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Rajapaksa eyes Sri Lanka election landslide to tighten grip on power

Large majority would strengthen hand as India and China vie for influence

Sri Lanka's President Gotabaya Rajapaksa addresses the nation during the 72nd independence day ceremony in Colombo on Feb. 4.   © Reuters

BANGKOK -- Four months after an electoral triumph, Sri Lankan President Gotabaya Rajapaksa has set the stage to consolidate his political gains through a landslide victory at April's parliamentary elections, which he called after dissolving the legislature last week six months before its current term ended.

The hawkish Rajapaksa is unequivocal about the work cut out for the Sri Lanka Podujana Peramuna, a newly formed party that backed him during the mid-November presidential elections. "I need [a] two-thirds majority," the famously blunt-talking Rajapaksa said on Thursday when he met Sri Lankan journalists in Colombo.

Such a high victory margin in the 225-member parliament is merely to amend the constitution, giving him a freer hand to drive his political and economic agenda. "People voted me with high expectations to deliver as the executive president. If the president can't deliver what the people want, what is the use of the constitution," Rajapaksa was quoted as telling local media.

The move represents his frustrations with the checks on his presidential power by a clutch of independent commissions and other limits on executive power in the constitution amended in April 2015, which have neutered the authority of a former all-powerful presidency. And seasoned observers in Colombo say that Rajapaksa's push for a strongman-style rule enjoys wide support with the country's Sinhala-Buddhist ethnic majority, who helped him win the presidency.

"The majority community will vote again for the SLPP, since Sri Lankan elections are by nature and tradition a winner-takes-all when one poll follows the other," said a political insider in Colombo. "And the president is banking on the majority's votes, since all his statements since his November win seek to appease Sinhalese interests over minority interests."

But alienating the country's Tamil and Muslim minorities could undermine Rajapaksa's tall order for over 150 seats in the legislature at the April polls. "Statistically it is unlikely for the SLPP to get the two-thirds only on the Sinhalese-Buddhist votes," said Aruna Kulatunga, a Colombo-based political analyst. "So the SLPP is working very hard to get the Muslim voters to their side -- by sidestepping and completely ignoring minority Muslim political parties."

Diplomatic sources in Colombo say that securing such a sea change among the minorities will pose a challenge for the Rajapaksa camp. After all, at the presidential elections last year, members of both minority communities voted in droves against Rajapaksa. The anti-Rajapaksa vote was stoked by fear of repression and human rights violations that would target minorities, given his record as the hawkish defense secretary during the 10-year presidency of Mahinda Rajapaksa, his elder brother, that ended in 2015.

"The Rajapaksas cemented their credentials as champions of the Sinhalese cause during Mahinda's term, and the minorities expected Gotabaya to follow in similar stride," said a diplomat from a Western embassy. "But they need to offer concessions to secure minority backing in April."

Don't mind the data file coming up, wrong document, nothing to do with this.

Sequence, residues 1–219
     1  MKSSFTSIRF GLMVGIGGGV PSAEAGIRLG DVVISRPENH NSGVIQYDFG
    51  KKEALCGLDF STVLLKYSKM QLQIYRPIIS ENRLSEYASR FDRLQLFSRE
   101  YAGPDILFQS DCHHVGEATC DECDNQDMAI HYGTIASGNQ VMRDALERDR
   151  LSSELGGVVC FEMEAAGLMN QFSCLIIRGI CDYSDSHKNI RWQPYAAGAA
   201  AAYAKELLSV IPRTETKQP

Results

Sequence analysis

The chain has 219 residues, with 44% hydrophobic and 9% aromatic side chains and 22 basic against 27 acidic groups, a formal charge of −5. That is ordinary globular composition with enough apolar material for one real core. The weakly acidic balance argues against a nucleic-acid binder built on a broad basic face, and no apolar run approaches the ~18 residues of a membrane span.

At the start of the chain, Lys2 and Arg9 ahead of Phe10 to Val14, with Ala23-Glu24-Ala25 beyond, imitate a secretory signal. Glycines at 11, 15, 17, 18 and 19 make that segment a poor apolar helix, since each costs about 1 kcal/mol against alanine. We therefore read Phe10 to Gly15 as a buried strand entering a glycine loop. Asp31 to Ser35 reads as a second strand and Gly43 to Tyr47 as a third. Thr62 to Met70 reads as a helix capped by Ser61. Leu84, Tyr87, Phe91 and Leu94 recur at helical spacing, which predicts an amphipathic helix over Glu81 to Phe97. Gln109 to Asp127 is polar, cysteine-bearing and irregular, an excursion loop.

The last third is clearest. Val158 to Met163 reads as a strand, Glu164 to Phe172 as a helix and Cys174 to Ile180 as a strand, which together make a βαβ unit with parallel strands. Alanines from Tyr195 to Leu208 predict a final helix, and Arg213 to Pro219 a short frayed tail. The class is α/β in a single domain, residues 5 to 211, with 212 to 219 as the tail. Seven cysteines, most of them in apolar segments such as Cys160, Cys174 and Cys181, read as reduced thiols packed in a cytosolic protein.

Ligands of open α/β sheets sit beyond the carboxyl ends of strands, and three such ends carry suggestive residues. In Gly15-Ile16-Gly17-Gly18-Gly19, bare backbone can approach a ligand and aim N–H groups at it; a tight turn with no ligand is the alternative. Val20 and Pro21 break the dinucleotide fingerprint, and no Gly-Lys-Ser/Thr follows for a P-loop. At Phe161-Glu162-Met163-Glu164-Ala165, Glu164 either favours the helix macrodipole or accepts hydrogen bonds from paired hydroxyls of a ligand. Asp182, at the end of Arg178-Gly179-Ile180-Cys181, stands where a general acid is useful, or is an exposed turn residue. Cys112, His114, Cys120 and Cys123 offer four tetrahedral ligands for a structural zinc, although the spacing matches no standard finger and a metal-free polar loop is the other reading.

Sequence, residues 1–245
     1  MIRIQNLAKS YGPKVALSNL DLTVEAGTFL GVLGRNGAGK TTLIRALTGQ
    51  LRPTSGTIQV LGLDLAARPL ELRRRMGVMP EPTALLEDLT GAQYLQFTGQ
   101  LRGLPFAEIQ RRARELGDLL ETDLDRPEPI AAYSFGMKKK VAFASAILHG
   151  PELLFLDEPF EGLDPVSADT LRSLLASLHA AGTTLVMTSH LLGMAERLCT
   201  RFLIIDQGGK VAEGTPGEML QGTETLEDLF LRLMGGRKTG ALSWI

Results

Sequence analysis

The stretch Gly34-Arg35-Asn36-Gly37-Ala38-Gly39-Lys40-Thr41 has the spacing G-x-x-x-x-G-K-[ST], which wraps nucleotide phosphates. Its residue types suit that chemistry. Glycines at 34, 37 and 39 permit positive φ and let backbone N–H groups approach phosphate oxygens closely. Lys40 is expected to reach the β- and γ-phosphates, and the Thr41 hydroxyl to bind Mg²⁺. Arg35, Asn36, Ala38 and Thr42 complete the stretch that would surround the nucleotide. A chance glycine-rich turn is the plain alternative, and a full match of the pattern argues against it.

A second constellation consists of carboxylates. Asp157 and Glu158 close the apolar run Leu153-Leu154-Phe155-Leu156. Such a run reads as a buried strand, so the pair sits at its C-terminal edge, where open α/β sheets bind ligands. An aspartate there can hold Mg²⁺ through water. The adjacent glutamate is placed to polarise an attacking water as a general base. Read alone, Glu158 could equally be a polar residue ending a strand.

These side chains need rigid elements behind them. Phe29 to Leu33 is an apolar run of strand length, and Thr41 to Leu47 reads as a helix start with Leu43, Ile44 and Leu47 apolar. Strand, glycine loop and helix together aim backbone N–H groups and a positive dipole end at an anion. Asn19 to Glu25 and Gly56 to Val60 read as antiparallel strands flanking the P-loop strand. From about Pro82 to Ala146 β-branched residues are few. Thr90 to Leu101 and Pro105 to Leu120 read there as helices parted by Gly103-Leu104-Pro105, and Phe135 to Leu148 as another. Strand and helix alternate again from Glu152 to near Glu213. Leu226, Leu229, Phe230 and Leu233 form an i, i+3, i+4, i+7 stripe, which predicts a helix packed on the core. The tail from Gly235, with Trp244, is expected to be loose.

Both brothers were hailed by the majority for ending a nearly 30-year ethnic conflict, which pitted government troops against the separatist Tamil Tigers. The civil war resulted in over 100,000 people being killed, and ended in May 2009. It set the stage for Mahinda's second term, which started with his sweeping victory at the January 2010 polls, fueled by his national security credentials.

Mahinda's shock electoral defeat at the January 2015 presidential polls brought some reprieve -- an end to the climate of fear, a drop in human rights violations and an open and free political culture. But bitter rivalry between the coalition government that succeeded him resulted in a dysfunctional and unstable administration, paving the way for a political appetite by the Sinhala constituencies for a stable and strong government under another Rajapaksa.

The infighting within the former coalition government has worsened since the November polls, enabling the Rajapaksa camp to enjoy an edge. A commonly held view by seasoned observers in Sri Lanka is that the opposition's inexorable implosion into two opposing camps creates a scenario that makes it easier for the SLPP to win in the April polls.

Not surprisingly, foreign policy allies of the Rajapaksas use the squabbling opposition to drive home a diplomatic point. They say that a parliament packed with a large SLPP majority to bolster a Rajapaksa administration will affirm Sri Lanka's stability in a time of geopolitical competition for influence in the Indian Ocean.

"With a commanding majority in the next parliament, the government will enjoy a strong hand to deal with external pressures," said Palitha Kohona, a former Sri Lankan foreign ministry secretary. "The government's view is that India is our relative and China is our friend."

In the wake of Rajapaksa's November victory, there are emerging signs that the diplomatic bonds are deepening with the two Asian powers who have been contesting to gain influence in strategically located Sri Lanka. Even Western governments who were critical of the Rajapaksa camp during Mahinda's second term appear to be making amends -- compensating for their strong ties with the pro-Western, dysfunctional administration that was defeated last year.

"Even the U.S. doesn't want to lose influence with the country it has already developed ties," added Kohona. "Western countries may not be happy with some policies of the Rajapaksa government, but they must respect the will of the people."

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